A Look Back

Authors and Contributors

Ron Wilson


1968. Fifty years ago. Pull a wrinkled $1 bill from your front pocket and you could buy a dozen eggs and a gallon of gas, with change to spare.

While times have changed, some things remain pretty much the same.

Like today, ice fishing was a popular winter activity in North Dakota a half-century ago.

The provided photograph, the cover shot for the January 1968 issue of North Dakota OUTDOORS, shows Daryl Briese of Bismarck pulling a trout through the ice at Froelich Dam.

Then: Trout were one the state’s most popular fish with anglers, in part, because of the establishment of new trout lakes, primarily newly created small reservoirs in western North Dakota. Another fish of choice was the northern pike, which, at the time, had yet to be officially designated by lawmakers as North Dakota’s state fish.

Now: For roughly the last 10 years, the preferred fish species for winter anglers are, in order, yellow perch, walleye and pike. With the advent of dozens of new prairie walleye lakes, and a decline in perch hotspots, the lean in winter is now more toward walleye.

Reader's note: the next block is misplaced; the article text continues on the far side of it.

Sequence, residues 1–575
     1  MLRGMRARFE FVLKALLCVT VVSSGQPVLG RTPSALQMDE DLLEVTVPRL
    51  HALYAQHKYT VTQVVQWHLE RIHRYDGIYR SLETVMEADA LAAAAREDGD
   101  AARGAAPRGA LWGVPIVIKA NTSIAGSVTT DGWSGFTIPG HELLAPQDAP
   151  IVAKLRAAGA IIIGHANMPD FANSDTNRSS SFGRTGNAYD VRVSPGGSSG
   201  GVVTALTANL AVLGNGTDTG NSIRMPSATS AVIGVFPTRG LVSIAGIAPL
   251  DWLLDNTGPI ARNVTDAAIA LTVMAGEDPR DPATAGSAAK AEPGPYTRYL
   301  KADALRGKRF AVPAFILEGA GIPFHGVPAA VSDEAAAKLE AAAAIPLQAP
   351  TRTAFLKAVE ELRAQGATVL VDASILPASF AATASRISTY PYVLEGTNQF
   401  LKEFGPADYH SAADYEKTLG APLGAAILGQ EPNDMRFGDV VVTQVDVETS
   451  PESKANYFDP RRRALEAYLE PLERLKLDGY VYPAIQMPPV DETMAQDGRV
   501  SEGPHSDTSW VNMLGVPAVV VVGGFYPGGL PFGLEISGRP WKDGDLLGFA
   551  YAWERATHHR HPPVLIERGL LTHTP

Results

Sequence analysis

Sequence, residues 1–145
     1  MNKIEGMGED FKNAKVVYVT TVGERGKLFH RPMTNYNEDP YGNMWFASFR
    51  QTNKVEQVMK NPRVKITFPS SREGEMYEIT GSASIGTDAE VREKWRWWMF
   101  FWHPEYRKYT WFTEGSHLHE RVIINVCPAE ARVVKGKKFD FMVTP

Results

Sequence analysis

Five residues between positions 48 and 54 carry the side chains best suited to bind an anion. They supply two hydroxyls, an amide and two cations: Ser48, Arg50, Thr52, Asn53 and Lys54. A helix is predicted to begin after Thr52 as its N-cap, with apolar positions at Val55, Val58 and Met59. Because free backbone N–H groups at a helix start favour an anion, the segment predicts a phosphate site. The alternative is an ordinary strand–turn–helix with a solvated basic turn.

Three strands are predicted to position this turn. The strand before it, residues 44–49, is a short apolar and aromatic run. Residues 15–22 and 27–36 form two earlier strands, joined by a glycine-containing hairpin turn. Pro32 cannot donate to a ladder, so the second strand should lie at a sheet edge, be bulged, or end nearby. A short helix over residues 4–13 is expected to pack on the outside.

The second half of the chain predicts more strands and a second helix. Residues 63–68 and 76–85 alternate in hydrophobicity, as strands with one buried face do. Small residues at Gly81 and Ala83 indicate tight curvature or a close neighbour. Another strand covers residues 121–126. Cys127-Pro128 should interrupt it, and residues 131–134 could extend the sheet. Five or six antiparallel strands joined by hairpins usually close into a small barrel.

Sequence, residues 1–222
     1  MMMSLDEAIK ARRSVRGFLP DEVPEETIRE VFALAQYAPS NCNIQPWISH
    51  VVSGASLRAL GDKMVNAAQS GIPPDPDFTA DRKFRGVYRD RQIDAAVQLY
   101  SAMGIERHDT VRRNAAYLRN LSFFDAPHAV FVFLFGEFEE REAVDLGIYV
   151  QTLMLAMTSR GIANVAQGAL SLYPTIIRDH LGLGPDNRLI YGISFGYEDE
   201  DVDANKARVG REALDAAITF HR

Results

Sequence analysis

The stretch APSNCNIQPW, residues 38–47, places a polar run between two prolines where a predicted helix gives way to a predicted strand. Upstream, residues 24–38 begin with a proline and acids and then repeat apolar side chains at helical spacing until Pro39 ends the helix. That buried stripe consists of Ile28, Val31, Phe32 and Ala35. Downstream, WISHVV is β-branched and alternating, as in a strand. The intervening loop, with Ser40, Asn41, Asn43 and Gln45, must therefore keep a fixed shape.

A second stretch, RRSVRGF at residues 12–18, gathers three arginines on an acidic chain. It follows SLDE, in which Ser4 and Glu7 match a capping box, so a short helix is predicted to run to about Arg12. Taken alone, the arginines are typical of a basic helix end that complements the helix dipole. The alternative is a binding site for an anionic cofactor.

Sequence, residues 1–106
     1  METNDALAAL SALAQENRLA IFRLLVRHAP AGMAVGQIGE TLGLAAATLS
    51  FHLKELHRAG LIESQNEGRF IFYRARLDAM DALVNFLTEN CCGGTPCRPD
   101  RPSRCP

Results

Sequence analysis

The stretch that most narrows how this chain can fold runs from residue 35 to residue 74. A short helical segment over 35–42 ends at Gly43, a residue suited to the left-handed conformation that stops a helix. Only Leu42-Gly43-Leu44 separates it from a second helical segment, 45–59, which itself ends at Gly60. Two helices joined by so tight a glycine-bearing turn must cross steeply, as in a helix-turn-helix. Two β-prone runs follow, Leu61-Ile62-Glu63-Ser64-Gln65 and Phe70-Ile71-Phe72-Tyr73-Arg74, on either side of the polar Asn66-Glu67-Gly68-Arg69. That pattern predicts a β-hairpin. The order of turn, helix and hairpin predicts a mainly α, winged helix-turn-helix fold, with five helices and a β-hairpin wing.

“It’s not surprising to see the shift because in North Dakota, nothing stays static,” said Greg Power, Game and Fish Department fisheries chief.

Then: A half-century ago, the Game and Fish Department managed about 130 waters.

Today: The Game and Fish manages roughly 300 more than that.

Then: About 77,000 fishing licenses were sold, 9,000 of which were sold to nonresidents.

Today: About 220,000 fishing licenses were sold for 2016-17, 56,000 of which were sold to nonresidents.

No matter the year, or the price of a dozen eggs or a gallon of gas, what lures anglers outdoors in the middle of winter likely remains pretty much the same.

“Here in North Dakota we have a restless breed of people who are not content to spend the winter months glued to the TV screen or card table, waiting for the long winter to subside. They demand active forms of outdoor recreation. Some find it in skiing, skating, predator hunting … but for the majority of outdoor minded North Dakotans, winter fishing fills the big need,” according to the January 1969 issue of North Dakota OUTDOORS.